In the past few months, as more people have crowded the refugee camps, the assessment of needs have shifted. Samaritan’s Purse has responded with a DART to address the growing medical need of the rising Public Health crisis of a diphtheria outbreak in the camp. Since there is no immunization program available, large scale migration with high density populated areas such as a refugee camp increases risk for many communicable diseases.
C: Was there any aspect of the assignment that surprised you?
I am continually astounded at the resilience of people that I have the privilege of meeting and working with internationally. The stories of their journey that brought them into our care are often heartbreaking and seem quite unbelievable coming from a society that is remarkably safe and secure.
Often assignments involve going into a situation where we are starting from the ground up to build a care unit and organize the logistics of supplies and the many needs that arise with medical care. This experience was unique in that we came into the mission hospital that was already established and had been servicing the people of Bangladesh for over 40 years.
I was privileged to join the long term staff for a brief few weeks. It was amazing to see how the local community had been affected by the hospital, and to hear stories of growth and change over the decades. We were welcomed so graciously and felt exceptionally loved and cared for by the staff at the hospital who took time out of very busy full schedules to get to know us.
C: How did your work with the Rohingya intersect with your personal journey?
Every time I have the opportunity to work internationally in disaster response, it is an answer to prayer and a dream come true. I never know quite what to expect, and I am always surprised by how much I learn in the field from both the patient’s I care for and the staff that I work alongside.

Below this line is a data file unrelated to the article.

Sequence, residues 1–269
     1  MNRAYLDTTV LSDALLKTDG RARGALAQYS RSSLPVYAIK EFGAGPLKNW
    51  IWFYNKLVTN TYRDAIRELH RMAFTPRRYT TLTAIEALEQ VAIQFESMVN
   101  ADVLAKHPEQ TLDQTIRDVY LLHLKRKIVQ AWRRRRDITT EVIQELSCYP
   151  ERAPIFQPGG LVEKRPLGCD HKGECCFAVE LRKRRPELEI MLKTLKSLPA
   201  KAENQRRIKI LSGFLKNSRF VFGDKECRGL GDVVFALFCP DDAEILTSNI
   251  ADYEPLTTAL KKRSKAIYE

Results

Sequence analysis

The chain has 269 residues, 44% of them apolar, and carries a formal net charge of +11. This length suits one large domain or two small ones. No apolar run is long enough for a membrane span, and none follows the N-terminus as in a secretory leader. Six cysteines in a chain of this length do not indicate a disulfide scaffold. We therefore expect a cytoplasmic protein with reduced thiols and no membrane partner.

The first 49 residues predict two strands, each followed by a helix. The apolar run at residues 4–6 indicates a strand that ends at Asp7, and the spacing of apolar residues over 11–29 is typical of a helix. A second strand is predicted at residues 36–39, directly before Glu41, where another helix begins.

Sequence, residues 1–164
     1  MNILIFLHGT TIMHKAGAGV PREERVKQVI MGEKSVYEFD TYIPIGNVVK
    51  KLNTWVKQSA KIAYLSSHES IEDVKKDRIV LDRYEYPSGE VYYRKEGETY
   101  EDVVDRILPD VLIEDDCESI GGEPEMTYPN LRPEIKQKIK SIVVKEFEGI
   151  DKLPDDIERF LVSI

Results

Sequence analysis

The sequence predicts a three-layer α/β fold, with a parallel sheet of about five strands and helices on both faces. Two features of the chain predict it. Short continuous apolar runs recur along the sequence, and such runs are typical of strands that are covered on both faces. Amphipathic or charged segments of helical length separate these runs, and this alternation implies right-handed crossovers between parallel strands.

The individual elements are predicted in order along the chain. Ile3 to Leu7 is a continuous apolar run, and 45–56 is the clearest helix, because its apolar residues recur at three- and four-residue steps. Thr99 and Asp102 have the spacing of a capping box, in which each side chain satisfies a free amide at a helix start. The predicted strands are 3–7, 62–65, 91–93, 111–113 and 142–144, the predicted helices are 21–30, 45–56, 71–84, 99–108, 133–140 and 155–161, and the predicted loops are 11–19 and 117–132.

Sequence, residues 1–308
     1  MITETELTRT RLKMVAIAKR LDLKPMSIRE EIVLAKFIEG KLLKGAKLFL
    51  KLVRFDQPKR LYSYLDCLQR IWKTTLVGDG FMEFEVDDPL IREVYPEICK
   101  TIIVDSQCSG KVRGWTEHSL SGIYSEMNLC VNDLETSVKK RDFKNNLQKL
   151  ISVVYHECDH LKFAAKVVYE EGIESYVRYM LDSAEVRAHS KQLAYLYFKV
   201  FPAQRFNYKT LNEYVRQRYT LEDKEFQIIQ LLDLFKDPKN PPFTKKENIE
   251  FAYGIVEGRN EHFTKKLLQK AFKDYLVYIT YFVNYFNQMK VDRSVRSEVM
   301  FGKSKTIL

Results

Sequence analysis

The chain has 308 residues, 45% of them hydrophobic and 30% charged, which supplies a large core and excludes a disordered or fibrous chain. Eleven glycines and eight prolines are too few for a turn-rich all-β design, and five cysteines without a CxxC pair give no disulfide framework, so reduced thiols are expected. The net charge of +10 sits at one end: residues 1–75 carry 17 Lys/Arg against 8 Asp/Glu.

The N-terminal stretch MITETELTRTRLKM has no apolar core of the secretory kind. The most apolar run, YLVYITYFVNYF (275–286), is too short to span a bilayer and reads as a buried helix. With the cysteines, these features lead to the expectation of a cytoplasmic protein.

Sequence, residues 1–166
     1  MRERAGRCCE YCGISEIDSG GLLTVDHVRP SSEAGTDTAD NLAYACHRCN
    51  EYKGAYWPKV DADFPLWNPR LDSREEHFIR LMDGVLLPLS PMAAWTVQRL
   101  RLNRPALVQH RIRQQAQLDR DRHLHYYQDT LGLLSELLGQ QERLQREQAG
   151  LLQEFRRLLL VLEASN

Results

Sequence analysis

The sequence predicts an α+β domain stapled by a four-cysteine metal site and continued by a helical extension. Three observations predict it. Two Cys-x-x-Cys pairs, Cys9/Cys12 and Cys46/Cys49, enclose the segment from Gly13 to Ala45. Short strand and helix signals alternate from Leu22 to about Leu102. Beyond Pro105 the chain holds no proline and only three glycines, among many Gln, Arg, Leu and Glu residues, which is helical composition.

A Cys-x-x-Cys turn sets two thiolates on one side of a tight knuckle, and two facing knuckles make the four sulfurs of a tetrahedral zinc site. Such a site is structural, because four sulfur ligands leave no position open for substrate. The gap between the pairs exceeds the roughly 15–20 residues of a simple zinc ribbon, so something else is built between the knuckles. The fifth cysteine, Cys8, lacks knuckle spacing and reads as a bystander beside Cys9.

This trip was personally both fulfilling and heartbreaking. I was humbled and inspired by the graciousness of the long term and National staff who we worked alongside in the Rohingya Care Unit. The nature of this opportunity allowed us time to really invest in the patients that we were caring for, and I found myself brought to tears in celebration when patients were discharged home, or in sadness when wounds did not heal.
I work critical care here in Canada and am not often afforded the moments to just enjoy the people I am serving. I have learned that there is nothing quite like seeing the look on a child’s face when they discover what bubbles are, and that taking the time to show them how to colour is worth giving a medication a little bit late.
I have yet to return home unchanged from an experience. The personal challenge comes in the question of “what now?” I find myself looking for intentional ways that the experience I had can continue to have a lasting impact even though I am no longer present on the field.
C: What particular stories from your time in Bangladesh can share with our readers?
We had one little girl who was confined to her bed due to her injuries. She was angry, scared, and in lots of pain when we first arrived. While her body healed, she watched us all interacting and playing with all the other children during the days while she sat silently colouring in her bed. Another little girl noticed and would begin to sit with her and play games, or each of us would take time to sit with her and play so she did not feel left out.